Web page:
anonymous, I had no idea that Arizona was so various. But, wow, I envy you living for 54 years in the same state. I hope eventually to make it to more than fifty years here in Seattle. Roots really matter.>>jesse, oh, yeah, it’s going to get, ah, interesting. Next time we get a chunk of money, I want to put some solar panel on the roof to run the A/C. And I worry about all the people who live in all those huge territories with the almost-drained acquifers. There’s going to be war over water. I look at the snow caps on the Olympics and I thank the Empress of the Universe that I live here.>>l, it looks sort of dry to a Yorkshire lass. Our lawn is already burnt and dead. (We’re not big fans of watering. It’s a waste–of water and effort.) There again, I know that by the third week of October, it will be lush as a forest dell again.
Yes the winds in Michigan seem more frequent and stronger. But its the heat and humidity that get to me. This whole week and into next its predicted to be high 80’s and low 90’s. Add the air pollution and the humidity and we have what I consider to be really crappy weather. But,this is Michigan, and the weather can change very suddenly.>>I’m hoping that it cools down and gets dryer for the Michigan Womyn’s Music Festival that is going to be happening in a couple of weeks. While I’m not going, I remember what it was like when it was hot and humid. Don’t wish that on anyone.>>Since my body doesn’t mix well with hot, Nicola, 59 degrees isn’t sounding too bad right now.>>Rory, what a terrible thing to see. >>Jennifer-come to Michigan! The ground only shakes once every 10 years or so.>>duff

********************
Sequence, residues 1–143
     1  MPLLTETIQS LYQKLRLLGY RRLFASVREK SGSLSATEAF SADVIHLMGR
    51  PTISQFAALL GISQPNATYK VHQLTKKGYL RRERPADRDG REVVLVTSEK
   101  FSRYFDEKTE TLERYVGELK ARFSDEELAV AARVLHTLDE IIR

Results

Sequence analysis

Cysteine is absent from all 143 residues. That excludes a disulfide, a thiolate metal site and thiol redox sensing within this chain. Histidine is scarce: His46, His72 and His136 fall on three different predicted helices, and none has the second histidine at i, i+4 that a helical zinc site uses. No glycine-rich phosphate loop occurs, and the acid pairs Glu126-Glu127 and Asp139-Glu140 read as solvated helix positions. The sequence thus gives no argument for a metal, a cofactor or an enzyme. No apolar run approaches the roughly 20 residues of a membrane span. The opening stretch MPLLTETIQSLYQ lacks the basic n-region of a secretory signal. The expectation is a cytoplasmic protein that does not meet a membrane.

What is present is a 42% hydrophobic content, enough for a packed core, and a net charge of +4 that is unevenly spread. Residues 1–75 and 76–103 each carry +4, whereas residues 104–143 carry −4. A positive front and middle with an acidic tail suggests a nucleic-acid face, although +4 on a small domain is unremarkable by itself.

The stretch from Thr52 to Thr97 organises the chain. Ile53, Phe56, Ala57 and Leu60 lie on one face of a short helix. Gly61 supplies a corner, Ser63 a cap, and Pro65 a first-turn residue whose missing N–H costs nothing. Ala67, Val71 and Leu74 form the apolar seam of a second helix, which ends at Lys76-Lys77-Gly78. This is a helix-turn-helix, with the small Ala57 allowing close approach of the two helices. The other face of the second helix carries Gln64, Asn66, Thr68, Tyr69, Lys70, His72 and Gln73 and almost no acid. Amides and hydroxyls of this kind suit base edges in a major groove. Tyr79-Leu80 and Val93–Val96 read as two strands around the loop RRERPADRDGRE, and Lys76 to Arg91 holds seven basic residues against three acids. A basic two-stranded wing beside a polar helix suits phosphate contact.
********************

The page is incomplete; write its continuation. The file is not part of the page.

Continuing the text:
duff, have you ever done Michigan (the music fest)? I never have–partly because of the weather.
I’m in south Texas and we had a bit of a “blow” with the recent Hurricane. We did not get as much needed rain as we need where I live and the ground in my yard is as dry as a lizard’s tongue. My lawn is browning and brittle. We have water restrictions so greening it up is a no-no. >>I am a fall person. I miss the fall weather I experienced in Kansas. I know when fall is near because the light has subtle changes and “dances” differently in the shadows. The sound of the train that travels nearby has a “fall rumble.” Barking dogs echo differently. I am also far more creative in fall and have a feeling of heighten anticipation-for what I have no idea…>>We do get our share of rain here, though. And sometimes a bit more than bargained for and we flood away.>>The last “100 year flood” created this :http://www.canyongorge.org/>>I am scheduled to hike it on 8-9. So the weather did leave something of a gift in the wake of its devastation.>lm